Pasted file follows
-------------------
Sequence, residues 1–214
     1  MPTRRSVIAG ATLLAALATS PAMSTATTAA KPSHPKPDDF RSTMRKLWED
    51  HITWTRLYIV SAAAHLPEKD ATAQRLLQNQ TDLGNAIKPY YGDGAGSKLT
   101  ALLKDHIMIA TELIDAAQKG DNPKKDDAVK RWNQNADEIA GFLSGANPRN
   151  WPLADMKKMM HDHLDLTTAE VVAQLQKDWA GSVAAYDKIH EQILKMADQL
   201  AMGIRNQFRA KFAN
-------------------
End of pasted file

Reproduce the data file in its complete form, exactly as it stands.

Sequence, residues 1–214
     1  MPTRRSVIAG ATLLAALATS PAMSTATTAA KPSHPKPDDF RSTMRKLWED
    51  HITWTRLYIV SAAAHLPEKD ATAQRLLQNQ TDLGNAIKPY YGDGAGSKLT
   101  ALLKDHIMIA TELIDAAQKG DNPKKDDAVK RWNQNADEIA GFLSGANPRN
   151  WPLADMKKMM HDHLDLTTAE VVAQLQKDWA GSVAAYDKIH EQILKMADQL
   201  AMGIRNQFRA KFAN